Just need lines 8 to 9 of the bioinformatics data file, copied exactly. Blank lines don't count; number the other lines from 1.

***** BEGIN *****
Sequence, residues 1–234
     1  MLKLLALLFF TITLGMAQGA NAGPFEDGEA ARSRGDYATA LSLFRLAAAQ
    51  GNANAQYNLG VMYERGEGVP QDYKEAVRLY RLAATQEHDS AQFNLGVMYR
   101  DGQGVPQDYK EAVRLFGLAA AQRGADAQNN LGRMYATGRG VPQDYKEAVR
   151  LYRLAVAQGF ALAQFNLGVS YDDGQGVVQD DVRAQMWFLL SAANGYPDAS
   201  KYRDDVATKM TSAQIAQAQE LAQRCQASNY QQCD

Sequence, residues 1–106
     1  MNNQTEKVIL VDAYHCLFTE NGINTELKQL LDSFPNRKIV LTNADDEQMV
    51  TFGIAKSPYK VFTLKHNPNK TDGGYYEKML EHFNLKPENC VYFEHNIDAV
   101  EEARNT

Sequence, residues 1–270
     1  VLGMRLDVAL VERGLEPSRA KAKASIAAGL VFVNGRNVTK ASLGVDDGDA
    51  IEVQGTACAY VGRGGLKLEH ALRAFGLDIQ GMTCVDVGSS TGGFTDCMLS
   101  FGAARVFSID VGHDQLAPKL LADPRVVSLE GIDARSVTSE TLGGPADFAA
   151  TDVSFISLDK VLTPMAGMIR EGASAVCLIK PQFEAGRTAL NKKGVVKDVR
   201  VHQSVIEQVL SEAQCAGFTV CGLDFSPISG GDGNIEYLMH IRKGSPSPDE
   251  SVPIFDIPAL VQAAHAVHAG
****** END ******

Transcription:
     1  MNNQTEKVIL VDAYHCLFTE NGINTELKQL LDSFPNRKIV LTNADDEQMV
    51  TFGIAKSPYK VFTLKHNPNK TDGGYYEKML EHFNLKPENC VYFEHNIDAV